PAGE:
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14 June, 2024
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Ancient mysteries unearthed on Cyprus' northern coastline

Exploring layers of nature, geological marvels and historical enigmas in Davlos

Newsroom / CNA

In the vicinity of the occupied village of Davlos, specifically at the location of Vikli (Galounia), an astonishing geological formation has captivated attention. This formation comprises a sequence of alternating layers of clay, marl, sandstone, limestone, and other rocks.

Historically, this area has been linked, albeit unverified archaeologically, to the renowned "Achaean Coast," mentioned by the ancient geographer Strabo. Maria Makri, an Archaeological Official at the Department of Antiquities, clarifies that while the ancient association remains undocumented, an ancient settlement was indeed discovered in the vicinity. In recognition of its historical significance, the Department of Antiquities designated the site and the remnants of the ancient city as an Ancient Monument in 1971. The Achaeans established their presence in Cyprus between 1210 and 1000 BC.

Discovery of this area was initiated by Cyprus News Agency's photojournalist Katia Christodoulou during her visit last April. Intrigued by the unique rock formations depicted in her photographs and video footage, questions arose concerning the area's potential connection to the "Achaean Coast."

Subsequently, Maria Makri, who was familiar with the area, was consulted. She explained that along the northern coast of Cyprus, stretching from Kormakitis to Apostolos Andreas, lies the widely prevalent geological formation known as the Flyschis of Kythrea, constituting the most extensive geological feature of the Pentadaktylos geotectonic zone.

This lithological formation is characterized by alternating layers of clay, marl, sandstone, limestone, and other rocks. It is believed to have formed primarily from sediment deposits transported by strong marine currents during the Middle Miocene, originating from Southern Asia Minor, complemented by erosion materials from the Pentadaktylos mountain range.

Over countless years, these layers of clay, marl, and limestone have eroded under the influence of seawater, while the sandstone layers have proved resistant to erosion. This unique natural process has given rise to a distinctive landscape in the Davlos area, creating an appearance reminiscent of man-made structures, such as a shipyard. In reality, however, it is an exclusive geological phenomenon, as emphasized by Makri.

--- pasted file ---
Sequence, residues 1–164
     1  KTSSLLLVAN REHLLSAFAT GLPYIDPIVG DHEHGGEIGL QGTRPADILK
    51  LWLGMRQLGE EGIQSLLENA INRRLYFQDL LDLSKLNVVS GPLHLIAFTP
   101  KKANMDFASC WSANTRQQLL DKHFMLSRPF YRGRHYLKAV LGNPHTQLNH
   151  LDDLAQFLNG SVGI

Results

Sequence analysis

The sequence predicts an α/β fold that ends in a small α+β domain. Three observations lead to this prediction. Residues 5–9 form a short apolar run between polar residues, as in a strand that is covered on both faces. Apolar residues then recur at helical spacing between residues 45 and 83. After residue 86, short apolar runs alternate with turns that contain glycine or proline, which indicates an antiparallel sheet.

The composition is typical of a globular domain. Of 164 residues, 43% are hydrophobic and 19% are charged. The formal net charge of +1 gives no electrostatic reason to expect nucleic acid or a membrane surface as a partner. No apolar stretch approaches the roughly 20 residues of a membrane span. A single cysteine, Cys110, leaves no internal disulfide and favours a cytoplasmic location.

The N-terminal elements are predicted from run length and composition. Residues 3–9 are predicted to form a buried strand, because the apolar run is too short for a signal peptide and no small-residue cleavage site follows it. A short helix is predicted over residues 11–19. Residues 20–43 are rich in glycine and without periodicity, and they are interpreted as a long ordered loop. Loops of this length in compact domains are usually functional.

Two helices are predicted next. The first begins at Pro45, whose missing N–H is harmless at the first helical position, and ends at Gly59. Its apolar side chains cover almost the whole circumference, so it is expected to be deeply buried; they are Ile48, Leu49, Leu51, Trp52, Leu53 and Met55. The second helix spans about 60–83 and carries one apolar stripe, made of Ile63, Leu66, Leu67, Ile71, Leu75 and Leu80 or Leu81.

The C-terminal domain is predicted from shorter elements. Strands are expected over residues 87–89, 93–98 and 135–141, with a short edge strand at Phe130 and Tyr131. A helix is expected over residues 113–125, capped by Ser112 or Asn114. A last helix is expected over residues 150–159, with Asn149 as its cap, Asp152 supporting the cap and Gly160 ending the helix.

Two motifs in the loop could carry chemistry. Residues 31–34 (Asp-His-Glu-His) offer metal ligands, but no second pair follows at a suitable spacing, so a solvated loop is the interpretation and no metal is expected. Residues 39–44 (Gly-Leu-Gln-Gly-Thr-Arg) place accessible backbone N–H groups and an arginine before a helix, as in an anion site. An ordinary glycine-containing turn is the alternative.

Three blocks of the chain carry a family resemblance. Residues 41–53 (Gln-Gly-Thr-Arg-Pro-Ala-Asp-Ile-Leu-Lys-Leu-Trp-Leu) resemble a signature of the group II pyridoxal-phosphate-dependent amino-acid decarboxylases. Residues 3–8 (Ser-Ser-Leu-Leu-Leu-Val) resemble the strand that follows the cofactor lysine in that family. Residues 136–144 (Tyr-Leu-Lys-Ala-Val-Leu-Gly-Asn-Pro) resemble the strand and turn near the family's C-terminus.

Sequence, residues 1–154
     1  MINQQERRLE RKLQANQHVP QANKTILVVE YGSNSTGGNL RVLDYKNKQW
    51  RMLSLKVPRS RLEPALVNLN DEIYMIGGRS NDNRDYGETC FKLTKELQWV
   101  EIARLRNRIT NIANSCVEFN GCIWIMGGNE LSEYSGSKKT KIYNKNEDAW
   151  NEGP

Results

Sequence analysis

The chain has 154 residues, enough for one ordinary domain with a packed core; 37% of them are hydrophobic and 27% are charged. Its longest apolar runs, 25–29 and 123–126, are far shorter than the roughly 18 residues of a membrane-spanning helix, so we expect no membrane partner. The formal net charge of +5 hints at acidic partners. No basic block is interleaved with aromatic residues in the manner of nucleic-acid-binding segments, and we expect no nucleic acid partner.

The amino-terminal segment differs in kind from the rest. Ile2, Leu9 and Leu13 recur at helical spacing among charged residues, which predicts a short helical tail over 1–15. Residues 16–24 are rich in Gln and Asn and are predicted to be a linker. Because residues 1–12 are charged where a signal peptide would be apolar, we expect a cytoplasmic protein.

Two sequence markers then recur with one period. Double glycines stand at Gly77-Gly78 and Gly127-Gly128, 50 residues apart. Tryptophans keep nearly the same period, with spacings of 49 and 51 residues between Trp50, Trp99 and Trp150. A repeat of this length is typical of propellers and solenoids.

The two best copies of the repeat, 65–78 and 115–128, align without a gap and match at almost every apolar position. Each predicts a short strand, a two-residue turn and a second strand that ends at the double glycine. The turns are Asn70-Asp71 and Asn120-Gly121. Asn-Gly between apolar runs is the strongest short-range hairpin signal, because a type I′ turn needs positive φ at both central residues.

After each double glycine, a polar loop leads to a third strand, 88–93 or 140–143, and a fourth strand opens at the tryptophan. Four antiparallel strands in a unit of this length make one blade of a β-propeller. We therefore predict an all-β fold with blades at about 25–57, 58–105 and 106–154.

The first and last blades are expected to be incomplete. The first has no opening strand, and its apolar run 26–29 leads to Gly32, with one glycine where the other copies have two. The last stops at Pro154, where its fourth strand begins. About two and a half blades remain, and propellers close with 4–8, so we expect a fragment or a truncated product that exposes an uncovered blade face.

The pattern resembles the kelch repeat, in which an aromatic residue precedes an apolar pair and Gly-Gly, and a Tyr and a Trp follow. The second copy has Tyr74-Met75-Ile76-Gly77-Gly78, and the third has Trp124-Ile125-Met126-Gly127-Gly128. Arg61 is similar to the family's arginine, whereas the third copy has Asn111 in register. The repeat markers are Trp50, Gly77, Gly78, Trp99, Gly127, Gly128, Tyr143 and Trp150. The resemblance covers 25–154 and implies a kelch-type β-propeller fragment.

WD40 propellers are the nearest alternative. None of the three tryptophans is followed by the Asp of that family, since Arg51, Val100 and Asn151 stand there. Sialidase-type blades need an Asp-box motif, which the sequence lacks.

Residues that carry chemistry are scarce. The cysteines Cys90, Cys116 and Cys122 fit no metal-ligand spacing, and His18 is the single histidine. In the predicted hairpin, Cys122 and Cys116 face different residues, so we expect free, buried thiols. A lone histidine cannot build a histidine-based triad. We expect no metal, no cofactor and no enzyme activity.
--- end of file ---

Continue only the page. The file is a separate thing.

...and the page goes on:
Moreover, historical research in the 1970s revealed the presence of an ancient settlement in the vicinity. This archaeological investigation, conducted by the Department of Antiquities under the former Director, Dr. S. Hadjisavva, identified a significant settlement dating back to the Hellenistic (312-58 BC), Roman (58 BC-395 AD), and Early Christian periods (395-mid 7th AD).

Situated approximately 5 km Northeast of Davlos and 5.5 km northwest of Komi, the remains of this settlement encompass an area of 300X200 meters on rocky terrain, positioned along the borders of the two villages. Notably, the site features a small bay to the west, likely serving as an ancient port. Abundant pottery and building materials discovered throughout the area attest to its extensive use and historical importance.

Due to its historical significance, the Department of Antiquities declared the site and the remnants of the ancient city, situated within the private property in the Galounia area, as an Ancient Monument (Table B) in 1971.

While older researchers have associated this location with the famed "Achaean Coast" of the Late Bronze Age (around 1,200 BC), where Achaean settlers purportedly arrived following the destruction of the Mycenaean Palaces, no archaeological evidence corroborates this claim. Unlike other areas in Cyprus, where archaeological findings from the Late Bronze Age include cyclopean walls, architectural elements reminiscent of the Aegean, Mycenaean pottery, and more, no such artifacts have been unearthed in this region.

For instance, the site Maa-Paleokastro, located approximately 13 km northwest of Paphos, is a typical example where excavations have revealed a fortified settlement from the Late Bronze Age, characterized by its location on a small peninsula connected to the permanent Achaean settlement in Cyprus. This discovery serves as a testament to the presence of Mycenaean settlers in other areas of Cyprus during that era.

Cyprus  |  archaeology  |  dig

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